Journeys: Imperial Subjects of Dance

  • Nick Passmore

I went to Vienna to waltz. Specifically, I went to waltz at the Rudolfina-Redoute, one of the city’s 300 formal balls held during Fasching, the carnival season between New Year’s and the beginning of Lent. The Rudolfina-Redoute is one of only 10 balls held at the imperial Hofburg Palace, and it is the grandest of the masked balls.

Rudolfina is a conservative Catholic student society, and its ball represents one of the delightful contradictions that mark contemporary Austria: Although Rudolfina is a very exclusive, invitation-only organization with roots in the country’s imperial past, anyone can buy a ticket to its ball—and thousands do, just for the pleasure of waltzing to the best music in the most elegant surroundings.

Originating in Vienna in the 18th century, the dance in 3¼4-time evolved out of the lander, an exuberant country dance enjoyed by peasants but frowned upon by polite society accustomed to the controlled formality of the minuet. After all, the man not only held the woman in his arms as they danced but also clasped her body to his, “and thus whirling about went on in the most indecent position,” as one account of the day put it. The liberating changes unleashed by the French Revolution and the rise of Romanticism, however, eventually forced even the crusty old Hapsburgs to relent, and soon the waltz was being danced as enthusiastically at imperial balls as at country inns. Raised to the height of popularity in the 19th century by the city’s native sons, Johann Strauss Sr. and Jr., and having survived the fall of the Hapsburgs, the Modernist movement, and the coming and going of Hitler, the dance today is so embedded in Viennese culture that the “Blue Danube Waltz” is the country’s unofficial national anthem.

H.L. Mencken once observed that the waltz “never quite goes out of fashion,” and in Vienna, where the present so evidently takes its cue from the past, it is not surprising that the 19th-century dance has survived and even prospered here as nowhere else. The Rudolfina-Redoute is a perfect microcosm of how Vienna readily accepts the impact of its past on contemporary life.

While the Rudolfina is one of the most prestigious balls, there are other, less rarefied opportunities to waltz. Each profession has its own ball, from celebrations organized by lawyers and chimney sweeps to the Coffee House Owners Ball and the Confectioners Ball. The most celebrated of these is the Opera Ball, which is held in the Baroque Vienna Opera House. The opera’s stage and auditorium are converted into one huge dance floor, and a committee of the jeunesse dorée of Viennese society dance the traditional opening polonaise before the 6,000 guests take to the floor. It is the one occasion when the heavily subsidized opera makes a profit.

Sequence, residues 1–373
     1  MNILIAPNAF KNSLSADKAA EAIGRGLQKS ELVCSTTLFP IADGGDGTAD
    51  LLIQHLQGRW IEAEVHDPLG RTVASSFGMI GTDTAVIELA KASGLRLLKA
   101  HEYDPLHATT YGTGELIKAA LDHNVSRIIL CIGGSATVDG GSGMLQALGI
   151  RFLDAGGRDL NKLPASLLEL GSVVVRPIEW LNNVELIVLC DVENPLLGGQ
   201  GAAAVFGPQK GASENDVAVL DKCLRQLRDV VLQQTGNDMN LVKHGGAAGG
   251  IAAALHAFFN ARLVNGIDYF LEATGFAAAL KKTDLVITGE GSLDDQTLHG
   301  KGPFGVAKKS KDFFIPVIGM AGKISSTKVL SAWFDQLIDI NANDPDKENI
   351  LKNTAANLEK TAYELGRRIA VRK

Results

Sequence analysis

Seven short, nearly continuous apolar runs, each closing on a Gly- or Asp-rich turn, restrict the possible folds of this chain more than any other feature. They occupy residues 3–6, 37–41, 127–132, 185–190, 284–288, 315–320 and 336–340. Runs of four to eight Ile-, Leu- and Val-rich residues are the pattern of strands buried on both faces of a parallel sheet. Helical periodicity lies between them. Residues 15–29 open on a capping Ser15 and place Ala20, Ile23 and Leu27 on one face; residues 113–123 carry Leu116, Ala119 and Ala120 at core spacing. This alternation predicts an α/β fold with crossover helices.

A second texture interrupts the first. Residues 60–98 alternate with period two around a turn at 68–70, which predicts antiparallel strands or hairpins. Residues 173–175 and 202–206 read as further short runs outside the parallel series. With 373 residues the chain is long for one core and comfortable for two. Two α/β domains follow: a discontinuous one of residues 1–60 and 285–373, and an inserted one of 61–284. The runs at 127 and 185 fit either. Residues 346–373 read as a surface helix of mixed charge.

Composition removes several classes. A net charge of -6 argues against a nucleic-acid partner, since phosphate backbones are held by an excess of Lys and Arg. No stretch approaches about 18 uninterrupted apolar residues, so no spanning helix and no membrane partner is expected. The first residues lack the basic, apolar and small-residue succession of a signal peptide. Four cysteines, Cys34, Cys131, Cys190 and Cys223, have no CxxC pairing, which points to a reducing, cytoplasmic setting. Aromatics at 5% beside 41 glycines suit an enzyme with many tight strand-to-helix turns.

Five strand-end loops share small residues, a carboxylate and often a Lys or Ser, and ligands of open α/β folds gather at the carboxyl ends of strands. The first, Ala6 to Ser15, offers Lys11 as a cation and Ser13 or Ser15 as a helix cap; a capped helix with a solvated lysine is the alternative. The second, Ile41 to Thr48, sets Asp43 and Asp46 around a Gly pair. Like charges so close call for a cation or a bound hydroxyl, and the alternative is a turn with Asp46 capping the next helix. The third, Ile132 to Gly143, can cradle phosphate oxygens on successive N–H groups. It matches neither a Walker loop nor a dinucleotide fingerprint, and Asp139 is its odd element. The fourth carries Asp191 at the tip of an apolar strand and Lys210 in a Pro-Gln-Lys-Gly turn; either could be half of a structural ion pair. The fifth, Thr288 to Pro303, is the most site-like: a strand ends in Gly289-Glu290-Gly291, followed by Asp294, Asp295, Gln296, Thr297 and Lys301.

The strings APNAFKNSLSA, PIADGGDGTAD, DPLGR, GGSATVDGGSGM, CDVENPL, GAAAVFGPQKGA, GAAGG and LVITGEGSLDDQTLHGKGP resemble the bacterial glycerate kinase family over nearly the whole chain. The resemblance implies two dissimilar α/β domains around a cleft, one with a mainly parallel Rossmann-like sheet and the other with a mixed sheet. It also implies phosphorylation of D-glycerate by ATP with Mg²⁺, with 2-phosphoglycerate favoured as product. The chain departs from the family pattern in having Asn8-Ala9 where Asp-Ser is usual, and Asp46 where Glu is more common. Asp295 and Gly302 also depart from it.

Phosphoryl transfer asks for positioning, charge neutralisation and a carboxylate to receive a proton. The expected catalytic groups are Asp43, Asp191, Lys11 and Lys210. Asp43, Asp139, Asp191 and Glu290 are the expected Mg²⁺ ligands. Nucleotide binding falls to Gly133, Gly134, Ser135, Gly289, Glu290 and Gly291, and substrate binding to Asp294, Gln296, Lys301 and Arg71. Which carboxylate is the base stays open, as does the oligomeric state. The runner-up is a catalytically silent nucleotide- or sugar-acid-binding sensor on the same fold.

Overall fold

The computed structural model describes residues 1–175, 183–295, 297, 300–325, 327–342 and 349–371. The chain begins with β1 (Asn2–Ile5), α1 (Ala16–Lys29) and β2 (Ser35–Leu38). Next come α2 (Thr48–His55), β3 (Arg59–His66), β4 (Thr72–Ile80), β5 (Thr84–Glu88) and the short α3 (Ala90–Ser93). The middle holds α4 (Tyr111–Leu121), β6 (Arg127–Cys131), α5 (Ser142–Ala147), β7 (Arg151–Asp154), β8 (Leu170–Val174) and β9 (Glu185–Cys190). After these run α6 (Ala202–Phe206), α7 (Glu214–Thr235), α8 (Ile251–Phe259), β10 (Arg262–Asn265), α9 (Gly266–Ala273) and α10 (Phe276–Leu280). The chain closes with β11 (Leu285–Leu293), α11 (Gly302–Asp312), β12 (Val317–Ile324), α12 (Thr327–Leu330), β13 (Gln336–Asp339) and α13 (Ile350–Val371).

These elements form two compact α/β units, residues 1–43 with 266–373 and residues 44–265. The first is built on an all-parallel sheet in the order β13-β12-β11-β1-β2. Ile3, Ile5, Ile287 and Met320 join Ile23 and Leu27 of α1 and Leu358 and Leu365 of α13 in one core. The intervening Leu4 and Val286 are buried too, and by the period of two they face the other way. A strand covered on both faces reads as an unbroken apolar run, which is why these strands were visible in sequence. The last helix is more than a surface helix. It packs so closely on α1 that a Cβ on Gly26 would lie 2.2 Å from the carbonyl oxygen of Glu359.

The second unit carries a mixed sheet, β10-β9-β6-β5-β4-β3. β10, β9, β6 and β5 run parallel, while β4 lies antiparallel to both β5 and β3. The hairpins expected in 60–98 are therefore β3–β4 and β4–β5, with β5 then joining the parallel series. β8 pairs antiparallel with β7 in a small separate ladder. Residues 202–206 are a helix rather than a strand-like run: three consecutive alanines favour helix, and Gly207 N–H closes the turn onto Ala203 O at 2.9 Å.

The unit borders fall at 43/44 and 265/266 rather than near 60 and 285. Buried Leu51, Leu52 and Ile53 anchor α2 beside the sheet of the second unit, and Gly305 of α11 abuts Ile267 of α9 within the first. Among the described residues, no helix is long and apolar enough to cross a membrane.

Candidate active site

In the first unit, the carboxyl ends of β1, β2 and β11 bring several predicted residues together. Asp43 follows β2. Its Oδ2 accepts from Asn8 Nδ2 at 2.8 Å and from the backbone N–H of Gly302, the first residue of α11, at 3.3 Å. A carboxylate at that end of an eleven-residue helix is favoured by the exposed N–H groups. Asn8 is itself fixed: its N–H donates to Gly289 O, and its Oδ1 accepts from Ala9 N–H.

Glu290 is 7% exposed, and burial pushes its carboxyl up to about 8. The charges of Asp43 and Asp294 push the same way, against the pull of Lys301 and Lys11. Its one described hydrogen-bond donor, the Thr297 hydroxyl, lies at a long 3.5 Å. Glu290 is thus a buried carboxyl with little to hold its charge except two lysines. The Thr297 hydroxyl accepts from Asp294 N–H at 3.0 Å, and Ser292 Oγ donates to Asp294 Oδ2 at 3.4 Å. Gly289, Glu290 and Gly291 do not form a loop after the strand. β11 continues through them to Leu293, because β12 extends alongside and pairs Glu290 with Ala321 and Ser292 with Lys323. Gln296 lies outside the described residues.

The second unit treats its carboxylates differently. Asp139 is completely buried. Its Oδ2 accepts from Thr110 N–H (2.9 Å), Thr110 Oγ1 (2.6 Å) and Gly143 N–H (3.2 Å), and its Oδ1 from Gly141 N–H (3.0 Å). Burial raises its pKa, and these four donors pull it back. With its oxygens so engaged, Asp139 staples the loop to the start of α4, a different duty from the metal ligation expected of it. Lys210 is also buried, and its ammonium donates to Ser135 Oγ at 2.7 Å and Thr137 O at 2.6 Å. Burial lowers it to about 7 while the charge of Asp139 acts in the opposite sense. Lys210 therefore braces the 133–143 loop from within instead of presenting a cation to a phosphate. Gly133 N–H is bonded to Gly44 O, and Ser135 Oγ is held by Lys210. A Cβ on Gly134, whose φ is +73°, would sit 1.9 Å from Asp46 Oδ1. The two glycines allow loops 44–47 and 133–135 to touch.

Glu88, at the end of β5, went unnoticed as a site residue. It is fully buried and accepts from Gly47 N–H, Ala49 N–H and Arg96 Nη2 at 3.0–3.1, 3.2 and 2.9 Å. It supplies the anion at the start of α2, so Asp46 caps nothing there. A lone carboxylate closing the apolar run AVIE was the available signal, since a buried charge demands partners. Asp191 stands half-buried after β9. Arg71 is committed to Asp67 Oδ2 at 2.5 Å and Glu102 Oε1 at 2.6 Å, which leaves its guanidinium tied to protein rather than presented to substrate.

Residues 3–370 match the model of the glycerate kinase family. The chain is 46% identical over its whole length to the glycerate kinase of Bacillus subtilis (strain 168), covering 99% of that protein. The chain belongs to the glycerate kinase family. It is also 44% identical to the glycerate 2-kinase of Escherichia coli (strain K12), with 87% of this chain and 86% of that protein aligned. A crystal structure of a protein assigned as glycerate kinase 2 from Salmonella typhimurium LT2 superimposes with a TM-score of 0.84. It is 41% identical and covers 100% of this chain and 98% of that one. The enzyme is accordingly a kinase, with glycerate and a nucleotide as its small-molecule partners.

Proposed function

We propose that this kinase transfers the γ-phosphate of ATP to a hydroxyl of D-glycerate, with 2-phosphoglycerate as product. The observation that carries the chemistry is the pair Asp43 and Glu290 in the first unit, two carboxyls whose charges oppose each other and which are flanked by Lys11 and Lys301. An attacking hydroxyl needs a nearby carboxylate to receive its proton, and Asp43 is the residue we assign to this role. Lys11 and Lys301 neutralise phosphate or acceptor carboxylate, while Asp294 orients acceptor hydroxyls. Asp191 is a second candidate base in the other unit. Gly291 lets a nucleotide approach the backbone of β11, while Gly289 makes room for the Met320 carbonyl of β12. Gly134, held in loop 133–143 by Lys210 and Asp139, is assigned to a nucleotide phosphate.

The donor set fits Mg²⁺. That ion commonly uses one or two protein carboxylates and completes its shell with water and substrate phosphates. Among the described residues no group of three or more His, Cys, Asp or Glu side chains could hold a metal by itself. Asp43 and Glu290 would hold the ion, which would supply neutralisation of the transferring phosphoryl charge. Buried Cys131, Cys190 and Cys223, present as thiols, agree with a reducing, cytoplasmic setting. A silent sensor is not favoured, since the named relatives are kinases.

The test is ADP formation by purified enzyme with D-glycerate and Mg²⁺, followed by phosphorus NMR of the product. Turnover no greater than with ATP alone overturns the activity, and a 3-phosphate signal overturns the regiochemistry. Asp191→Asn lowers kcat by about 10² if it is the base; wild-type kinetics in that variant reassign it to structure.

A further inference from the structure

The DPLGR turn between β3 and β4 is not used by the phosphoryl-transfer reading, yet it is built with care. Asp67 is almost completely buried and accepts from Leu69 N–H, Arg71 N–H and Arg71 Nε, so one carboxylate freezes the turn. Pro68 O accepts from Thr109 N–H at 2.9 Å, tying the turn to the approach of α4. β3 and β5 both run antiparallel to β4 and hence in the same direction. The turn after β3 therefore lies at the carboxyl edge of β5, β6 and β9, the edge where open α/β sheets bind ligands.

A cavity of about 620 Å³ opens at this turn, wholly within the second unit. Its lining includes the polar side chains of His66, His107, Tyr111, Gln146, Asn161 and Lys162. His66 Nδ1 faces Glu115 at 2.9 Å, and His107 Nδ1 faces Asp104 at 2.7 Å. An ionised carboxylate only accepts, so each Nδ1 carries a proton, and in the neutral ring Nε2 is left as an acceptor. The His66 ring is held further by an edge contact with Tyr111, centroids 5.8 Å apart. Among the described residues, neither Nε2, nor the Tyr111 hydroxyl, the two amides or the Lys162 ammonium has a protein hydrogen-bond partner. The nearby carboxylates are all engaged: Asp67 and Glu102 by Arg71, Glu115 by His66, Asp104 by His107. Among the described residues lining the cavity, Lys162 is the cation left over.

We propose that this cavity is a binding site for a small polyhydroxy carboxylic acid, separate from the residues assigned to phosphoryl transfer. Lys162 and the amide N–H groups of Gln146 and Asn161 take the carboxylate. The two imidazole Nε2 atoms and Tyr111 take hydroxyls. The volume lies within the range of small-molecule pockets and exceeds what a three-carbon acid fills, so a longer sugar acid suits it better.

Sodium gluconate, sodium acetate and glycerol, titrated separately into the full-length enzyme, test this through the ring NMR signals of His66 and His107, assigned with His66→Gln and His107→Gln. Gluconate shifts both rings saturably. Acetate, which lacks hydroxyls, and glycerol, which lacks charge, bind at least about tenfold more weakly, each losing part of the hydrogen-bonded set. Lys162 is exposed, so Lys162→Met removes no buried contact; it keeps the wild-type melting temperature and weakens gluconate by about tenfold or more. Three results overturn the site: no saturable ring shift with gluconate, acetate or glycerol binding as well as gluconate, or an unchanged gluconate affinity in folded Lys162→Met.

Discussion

The only catch for me to this grand waltzing scenario is that I had not taken dance lessons since I was 12 years old; my waltzing ability had atrophied so that all I could manage now was a slow shuffle-shuffle-turn-turn. But no fear, an hour’s waltz lesson at the hands of a master promised to reawaken my long-dormant skills. Perhaps.

At the Tanzschule Elmayer, Vienna’s preeminent dance school run by dance and etiquette arbiter Thomas Schäfer-Elmayer, our group began with the box step, then progressed to quarter turns, and then half turns. I was beginning to feel something akin to optimism about this evening’s approaching ordeal when our instructor announced that at the ball everyone would be dancing at twice the speed of our sedate lesson.

Things rapidly disintegrated as the pace hastened. Here I was with a beautiful girl in my arms, and although she was a far more proficient dancer than I, her Manolo Blahniks soon became badly scuffed as we attempted more and more dizzying turns at an increasingly frenzied tempo. At that point I realized that my years of getting by with one-two-three-shuffle-shuffle-shuffle would not cut it this evening. A feigned sprained ankle began to sound like a good idea.

Decked out in my black-tie finery, still thoroughly unprepared for the evening’s raison d’être, I set out for the ball. Tuxedos are mandatory, white tie is favored by the serious waltzers, and the Rudolfina and their fellow students sport a wide array of military cadet–style uniforms topped by 19th-century student caps bearing the colors of their club or society.

There was a frisson of expectation in the air as we climbed the magnificent staircase of the Hofburg Palace and made our way through the crowds toward Festsaal, the main ballroom and the site of the opening formalities. Hundreds of glamorous young women, white-gloved, bare-shouldered, and bejeweled, wore shimmering ball gowns of silk and satin. Some women wore masks; others just carried them for coquettish effect. Cats were the most popular, and birds a close second for the opportunity to display exotic plumage.